A beautiful country where people survive
Despite wars, looting, disease and accidents I am still in Congo
On 3 June 1991, for the second time, I arrived in Kinshasa, the capital of this immense country.
I am happy to be here, I now feel like a Congolese. I lived my missionary life on the outskirts of the capital of Congo (more than 17 million inhabitants), then near the border with Sudan, then in Isiro where I am still now.
Congo (80 times the colonial country Belgium and almost 7 times Italy) is a wonderful country like an earthly paradise where you find everything. The people are welcoming and good.
Since 1991 I have seen a continuous degradation of the country
True, the various governments have built a few schools, roads, hospitals thanks mainly to the massive and interested presence of Chinese companies and international aid, but the standard of living is still a sign of continuous misery.
More than half of the 100 million inhabitants live in a state of absolute poverty with a per capita GDP of about 450 dollars (one of the lowest in the world) and an average income of 1 dollar a day or little more.
Here people starve, diseases such as malaria, AIDS, tuberculosis, measles, anaemia, cholera, leprosy, typhoid fever, yellow fever… are commonplace.
The Congolese health system is very fragile, there is no free public health service organised by the state, every family pays for medical treatment and hospitalisation. Various politicians and administrators pocket the money from the WHO or other solidarity bodies instead of using the funds to benefit the health facilities for which they were intended.
There is always the Catholic and Protestant Church to thank, which are present with various health facilities such as hospitals, health centres, nutrition centres, and clinics. Scattered throughout the country, they welcome the sick with appropriate medical care at prices everyone can afford. When the sick person is poor or abandoned by his family, he is treated free of charge.
We live in an immense country, brimming with natural and mineral riches
The resources are many: gold, cobalt, nickel, copper, diamonds, coltan, oil, precious timber and fertile land for agriculture. Because of its riches, Congo is torn by a civil war that started in 1996 with more than 6 million dead. Even these months, hundreds of criminal gangs on the borders with Rwanda, Uganda, Sudan, are ready to do anything to defend their economic interests. Gangs often manoeuvred by multinationals that are in dire need of manpower to protect their business.
In the lands of the East, particularly in the provinces of Kivu and Ituri, there is daily fighting without any real control by the national authorities. Rival gangs, often improvised, violently impose their rules on the local population, which is reduced to the point of exhaustion. And it is here that the greatest number of atrocities are committed: murders, burning huts, trucks, buses, kidnappings, mass rapes… For two years President Tshisekedi has declared the regions of Ituri and Kivu to be under a state of siege ruled by the military.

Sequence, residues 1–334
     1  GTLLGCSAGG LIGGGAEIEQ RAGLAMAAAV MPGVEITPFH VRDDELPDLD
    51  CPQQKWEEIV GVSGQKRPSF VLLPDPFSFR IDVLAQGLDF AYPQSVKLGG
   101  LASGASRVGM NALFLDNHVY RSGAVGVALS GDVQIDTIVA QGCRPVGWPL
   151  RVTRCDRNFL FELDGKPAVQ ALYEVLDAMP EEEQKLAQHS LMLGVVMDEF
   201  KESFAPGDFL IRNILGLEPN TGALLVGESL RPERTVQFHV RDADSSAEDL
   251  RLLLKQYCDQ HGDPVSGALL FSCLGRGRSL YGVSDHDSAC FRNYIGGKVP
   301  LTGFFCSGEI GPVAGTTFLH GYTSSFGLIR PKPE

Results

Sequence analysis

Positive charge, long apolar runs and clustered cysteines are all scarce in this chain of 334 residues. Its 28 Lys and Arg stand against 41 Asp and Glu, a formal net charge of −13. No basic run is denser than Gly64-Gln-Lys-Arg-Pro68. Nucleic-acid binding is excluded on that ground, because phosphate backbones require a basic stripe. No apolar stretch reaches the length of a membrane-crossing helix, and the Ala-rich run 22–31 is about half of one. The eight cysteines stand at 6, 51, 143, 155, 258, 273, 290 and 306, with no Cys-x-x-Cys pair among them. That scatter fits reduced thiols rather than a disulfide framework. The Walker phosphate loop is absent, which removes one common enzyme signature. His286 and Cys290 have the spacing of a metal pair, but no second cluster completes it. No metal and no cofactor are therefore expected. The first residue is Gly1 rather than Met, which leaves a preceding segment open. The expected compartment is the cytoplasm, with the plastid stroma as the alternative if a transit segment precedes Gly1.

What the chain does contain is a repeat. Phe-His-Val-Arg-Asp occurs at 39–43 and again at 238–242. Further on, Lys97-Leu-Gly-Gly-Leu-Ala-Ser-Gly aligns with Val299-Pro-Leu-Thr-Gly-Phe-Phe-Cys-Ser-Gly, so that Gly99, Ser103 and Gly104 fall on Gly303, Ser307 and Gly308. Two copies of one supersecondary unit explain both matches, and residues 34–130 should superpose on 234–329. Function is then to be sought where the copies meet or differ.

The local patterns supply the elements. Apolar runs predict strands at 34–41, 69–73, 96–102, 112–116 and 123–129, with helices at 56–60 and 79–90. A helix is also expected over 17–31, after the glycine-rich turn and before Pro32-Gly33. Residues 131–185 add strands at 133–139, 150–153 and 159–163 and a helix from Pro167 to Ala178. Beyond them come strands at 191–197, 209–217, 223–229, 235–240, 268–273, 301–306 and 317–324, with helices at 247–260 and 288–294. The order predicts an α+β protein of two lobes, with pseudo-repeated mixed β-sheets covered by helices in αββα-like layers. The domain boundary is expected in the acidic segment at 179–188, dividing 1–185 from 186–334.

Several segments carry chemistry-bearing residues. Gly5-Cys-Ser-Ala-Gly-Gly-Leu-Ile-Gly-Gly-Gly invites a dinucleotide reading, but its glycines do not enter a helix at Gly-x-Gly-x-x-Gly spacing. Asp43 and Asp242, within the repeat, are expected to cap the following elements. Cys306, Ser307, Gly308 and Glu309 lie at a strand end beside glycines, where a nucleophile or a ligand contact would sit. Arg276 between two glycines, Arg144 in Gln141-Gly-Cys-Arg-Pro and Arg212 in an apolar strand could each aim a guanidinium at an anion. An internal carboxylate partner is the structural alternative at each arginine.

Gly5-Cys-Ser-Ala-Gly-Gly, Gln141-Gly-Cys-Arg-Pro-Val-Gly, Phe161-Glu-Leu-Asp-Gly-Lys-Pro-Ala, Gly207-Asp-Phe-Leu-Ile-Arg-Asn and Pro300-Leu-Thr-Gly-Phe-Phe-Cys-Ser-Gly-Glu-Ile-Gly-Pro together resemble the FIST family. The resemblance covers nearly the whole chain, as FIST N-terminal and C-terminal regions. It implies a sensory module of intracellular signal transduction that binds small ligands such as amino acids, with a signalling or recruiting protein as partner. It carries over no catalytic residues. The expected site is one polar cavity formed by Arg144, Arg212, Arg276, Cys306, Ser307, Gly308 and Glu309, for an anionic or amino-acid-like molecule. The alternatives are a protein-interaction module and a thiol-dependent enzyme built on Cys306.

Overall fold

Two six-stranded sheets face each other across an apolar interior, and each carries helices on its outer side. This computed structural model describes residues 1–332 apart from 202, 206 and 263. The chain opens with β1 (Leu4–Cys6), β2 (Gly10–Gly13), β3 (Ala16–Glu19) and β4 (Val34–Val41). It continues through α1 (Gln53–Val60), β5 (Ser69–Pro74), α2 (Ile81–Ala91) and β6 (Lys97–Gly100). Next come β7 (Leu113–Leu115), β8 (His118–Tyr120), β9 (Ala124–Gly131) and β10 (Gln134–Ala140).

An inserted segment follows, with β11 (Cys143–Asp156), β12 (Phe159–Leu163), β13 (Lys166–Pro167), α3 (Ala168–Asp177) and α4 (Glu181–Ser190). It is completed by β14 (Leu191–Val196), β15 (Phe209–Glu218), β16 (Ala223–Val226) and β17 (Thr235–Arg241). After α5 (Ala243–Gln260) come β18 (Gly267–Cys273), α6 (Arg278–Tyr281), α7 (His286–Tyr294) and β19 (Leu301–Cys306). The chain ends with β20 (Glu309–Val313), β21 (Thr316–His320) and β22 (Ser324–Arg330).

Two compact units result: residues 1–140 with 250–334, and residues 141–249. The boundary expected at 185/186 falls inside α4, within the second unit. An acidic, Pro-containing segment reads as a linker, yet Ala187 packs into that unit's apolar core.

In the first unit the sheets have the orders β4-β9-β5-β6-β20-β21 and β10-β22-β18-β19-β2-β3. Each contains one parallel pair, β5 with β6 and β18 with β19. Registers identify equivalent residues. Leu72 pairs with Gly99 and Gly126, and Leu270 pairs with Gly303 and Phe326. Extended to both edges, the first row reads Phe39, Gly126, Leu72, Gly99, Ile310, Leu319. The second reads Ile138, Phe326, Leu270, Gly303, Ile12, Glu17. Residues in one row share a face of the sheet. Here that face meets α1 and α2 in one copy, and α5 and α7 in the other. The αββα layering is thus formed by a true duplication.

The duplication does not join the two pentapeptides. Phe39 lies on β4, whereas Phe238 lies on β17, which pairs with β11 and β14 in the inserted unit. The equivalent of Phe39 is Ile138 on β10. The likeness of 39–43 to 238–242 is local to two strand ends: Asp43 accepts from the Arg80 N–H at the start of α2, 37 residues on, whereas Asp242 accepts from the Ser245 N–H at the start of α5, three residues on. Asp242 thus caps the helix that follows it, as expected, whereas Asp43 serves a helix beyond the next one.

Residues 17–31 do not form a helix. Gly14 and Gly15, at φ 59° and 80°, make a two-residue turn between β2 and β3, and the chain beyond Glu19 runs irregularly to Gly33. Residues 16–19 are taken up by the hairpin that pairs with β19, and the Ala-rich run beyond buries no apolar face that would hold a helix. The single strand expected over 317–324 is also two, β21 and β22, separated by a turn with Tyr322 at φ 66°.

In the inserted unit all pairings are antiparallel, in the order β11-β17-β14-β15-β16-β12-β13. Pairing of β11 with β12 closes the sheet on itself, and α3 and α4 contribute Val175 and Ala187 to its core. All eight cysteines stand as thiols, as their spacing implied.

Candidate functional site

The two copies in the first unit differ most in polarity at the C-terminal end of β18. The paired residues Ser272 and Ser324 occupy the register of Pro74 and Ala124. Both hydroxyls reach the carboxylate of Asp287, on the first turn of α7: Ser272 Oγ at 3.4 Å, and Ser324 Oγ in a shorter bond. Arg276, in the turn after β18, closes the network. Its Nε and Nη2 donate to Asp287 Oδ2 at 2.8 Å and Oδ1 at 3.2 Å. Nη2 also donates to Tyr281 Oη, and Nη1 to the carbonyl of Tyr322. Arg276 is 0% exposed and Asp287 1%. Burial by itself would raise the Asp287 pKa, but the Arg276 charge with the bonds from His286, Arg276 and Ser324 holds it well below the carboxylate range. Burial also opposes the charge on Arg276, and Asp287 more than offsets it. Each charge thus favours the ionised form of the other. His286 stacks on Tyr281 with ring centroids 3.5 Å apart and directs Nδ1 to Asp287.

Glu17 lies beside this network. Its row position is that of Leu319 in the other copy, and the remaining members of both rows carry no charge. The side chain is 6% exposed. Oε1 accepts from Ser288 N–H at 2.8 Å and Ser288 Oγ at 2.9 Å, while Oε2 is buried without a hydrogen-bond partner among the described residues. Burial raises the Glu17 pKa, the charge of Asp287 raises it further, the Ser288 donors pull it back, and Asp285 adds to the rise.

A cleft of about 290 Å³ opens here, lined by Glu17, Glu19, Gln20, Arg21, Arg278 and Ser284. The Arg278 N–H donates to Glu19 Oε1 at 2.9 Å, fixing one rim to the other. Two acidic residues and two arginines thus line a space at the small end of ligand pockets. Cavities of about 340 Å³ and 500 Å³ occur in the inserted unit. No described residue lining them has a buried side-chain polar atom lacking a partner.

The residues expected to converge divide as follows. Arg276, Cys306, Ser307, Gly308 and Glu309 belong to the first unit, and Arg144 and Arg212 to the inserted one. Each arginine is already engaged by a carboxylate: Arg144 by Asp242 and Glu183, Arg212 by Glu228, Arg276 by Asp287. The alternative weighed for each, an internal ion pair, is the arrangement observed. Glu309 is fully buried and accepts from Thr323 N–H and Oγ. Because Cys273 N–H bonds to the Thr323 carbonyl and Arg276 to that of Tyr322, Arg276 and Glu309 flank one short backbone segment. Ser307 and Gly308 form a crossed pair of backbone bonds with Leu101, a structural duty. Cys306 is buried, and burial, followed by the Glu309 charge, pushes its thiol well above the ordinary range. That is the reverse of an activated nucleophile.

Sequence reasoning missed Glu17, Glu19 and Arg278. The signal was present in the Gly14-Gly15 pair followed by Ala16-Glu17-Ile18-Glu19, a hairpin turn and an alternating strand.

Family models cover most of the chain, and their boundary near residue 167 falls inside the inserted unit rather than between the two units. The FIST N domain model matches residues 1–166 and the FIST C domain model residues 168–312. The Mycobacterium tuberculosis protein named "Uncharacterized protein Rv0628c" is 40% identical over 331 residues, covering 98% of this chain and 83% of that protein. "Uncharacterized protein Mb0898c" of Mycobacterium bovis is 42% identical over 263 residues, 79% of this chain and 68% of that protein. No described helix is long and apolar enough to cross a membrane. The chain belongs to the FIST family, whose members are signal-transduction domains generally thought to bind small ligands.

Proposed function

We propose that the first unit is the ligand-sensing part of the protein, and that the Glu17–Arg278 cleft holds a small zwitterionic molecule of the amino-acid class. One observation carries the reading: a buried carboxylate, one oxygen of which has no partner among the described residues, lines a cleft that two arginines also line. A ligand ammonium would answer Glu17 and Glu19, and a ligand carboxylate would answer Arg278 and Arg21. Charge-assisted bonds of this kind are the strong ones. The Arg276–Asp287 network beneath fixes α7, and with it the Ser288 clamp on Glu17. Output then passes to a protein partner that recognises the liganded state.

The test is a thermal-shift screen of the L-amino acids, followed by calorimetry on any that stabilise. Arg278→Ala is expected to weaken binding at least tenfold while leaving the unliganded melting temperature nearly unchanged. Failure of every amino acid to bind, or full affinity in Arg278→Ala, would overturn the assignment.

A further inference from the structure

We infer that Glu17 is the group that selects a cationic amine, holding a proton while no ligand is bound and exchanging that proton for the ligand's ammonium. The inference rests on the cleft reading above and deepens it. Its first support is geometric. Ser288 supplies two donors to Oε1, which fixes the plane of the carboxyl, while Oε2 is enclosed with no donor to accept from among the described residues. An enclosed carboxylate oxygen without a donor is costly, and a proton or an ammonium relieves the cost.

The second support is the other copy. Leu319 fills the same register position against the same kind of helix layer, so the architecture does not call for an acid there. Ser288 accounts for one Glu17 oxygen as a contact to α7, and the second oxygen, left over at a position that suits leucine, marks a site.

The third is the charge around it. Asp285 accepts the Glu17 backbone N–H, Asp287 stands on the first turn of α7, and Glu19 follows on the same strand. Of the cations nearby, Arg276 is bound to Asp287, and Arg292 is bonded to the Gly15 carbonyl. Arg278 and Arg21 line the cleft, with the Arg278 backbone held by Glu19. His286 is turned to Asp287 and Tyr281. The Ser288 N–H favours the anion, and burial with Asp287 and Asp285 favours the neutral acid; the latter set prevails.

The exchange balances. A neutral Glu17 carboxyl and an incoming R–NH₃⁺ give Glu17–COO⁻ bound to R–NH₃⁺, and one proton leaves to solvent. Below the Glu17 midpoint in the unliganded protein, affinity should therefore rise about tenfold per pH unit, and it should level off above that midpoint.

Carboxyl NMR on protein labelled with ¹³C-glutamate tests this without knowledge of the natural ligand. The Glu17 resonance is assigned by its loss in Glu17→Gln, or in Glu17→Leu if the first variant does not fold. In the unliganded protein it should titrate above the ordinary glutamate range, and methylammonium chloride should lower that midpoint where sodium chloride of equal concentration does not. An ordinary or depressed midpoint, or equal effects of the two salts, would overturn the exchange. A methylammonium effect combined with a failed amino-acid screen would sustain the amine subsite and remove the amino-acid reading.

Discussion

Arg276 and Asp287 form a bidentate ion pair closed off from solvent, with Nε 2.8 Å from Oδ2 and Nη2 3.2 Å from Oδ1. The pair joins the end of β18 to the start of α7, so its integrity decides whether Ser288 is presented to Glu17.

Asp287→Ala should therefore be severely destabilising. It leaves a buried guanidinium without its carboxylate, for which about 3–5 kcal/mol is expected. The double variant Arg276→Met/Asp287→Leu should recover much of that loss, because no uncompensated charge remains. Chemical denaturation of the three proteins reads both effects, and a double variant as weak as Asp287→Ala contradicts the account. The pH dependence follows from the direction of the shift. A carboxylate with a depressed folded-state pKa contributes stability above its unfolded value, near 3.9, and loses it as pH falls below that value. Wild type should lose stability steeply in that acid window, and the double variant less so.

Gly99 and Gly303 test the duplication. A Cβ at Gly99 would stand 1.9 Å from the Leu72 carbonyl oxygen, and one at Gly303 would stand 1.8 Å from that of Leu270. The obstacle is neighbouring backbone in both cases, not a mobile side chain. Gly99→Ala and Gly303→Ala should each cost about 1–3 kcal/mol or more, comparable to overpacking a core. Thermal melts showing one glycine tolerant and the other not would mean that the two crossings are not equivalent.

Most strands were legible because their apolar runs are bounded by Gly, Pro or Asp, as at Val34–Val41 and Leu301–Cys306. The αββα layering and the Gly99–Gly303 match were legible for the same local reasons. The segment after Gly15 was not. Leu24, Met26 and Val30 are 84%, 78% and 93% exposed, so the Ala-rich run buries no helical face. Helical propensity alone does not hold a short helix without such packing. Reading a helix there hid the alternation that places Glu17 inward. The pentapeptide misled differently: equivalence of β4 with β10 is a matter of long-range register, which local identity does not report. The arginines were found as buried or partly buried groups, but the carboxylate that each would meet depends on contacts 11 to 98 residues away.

In May I was in Beni Butembo, where people are fleeing.
In these tortured lands, people are abandoning their villages, crops, livestock and taking refuge in larger centres where there is more security.
And it was there, some 20 kilometres from Goma, the capital of North Kivu, that the life of our Italian ambassador Luca Attanasio, the carabiniere escorting him, Vittorio Iacovacci, and their Congolese driver, Mustapha Milambo, ended in an ambush on 22 February 2021. A few days later in another ambush, on that same road, the chief military prosecutor of the Rutshuru territory, William Hassani, who was in charge of investigating the death of our compatriots and the driver who was driving them, was killed.
For years there has been strong interference from neighbouring countries (Rwanda, Uganda, Burundi), armed groups such as M 23, Codeco, the ADF… increasingly intense infiltration of jihadist groups, gangs that exploit the economic and social fragility of the populations to infiltrate the region.
There is talk of ‘balkanisation’
The real goal of these hundreds of gangs is to get their hands on the Congo’s treasure, its riches, and to divide the Congo.
A treasure that the whole world covets, especially the coltan that is already in all our homes: in our computers, televisions, telephones, cameras, batteries.
Thanks to the approximately 35,000 enslaved children (but the real numbers could be higher), they manage to squeeze through the narrowest tunnels and unearth the precious material.
Ten to twelve hours of work, in exchange for a daily wage that can vary from one to three dollars, depending on the client.
Each precious material has its own market. For coltan and cobalt it is mainly China (with an intermediary from Rwanda). Gold, on the other hand, is brought illegally to Uganda and Rwanda by rebel gangs and from there exported to South Africa or Dubai, where it is refined and transformed into ingots for the end markets: the United States, Europe, China, India. Every morning small cargo planes fly over the territory to transport these riches.
Every year, our bishops offer a message to Christians and the whole of society on the socio-political and economic situation of the country and offer lines of solution for a more dignified life for the whole of society, and for years they have been denouncing the policies of neighbouring countries that support the various armed gangs seeking their interests… but who listens to them?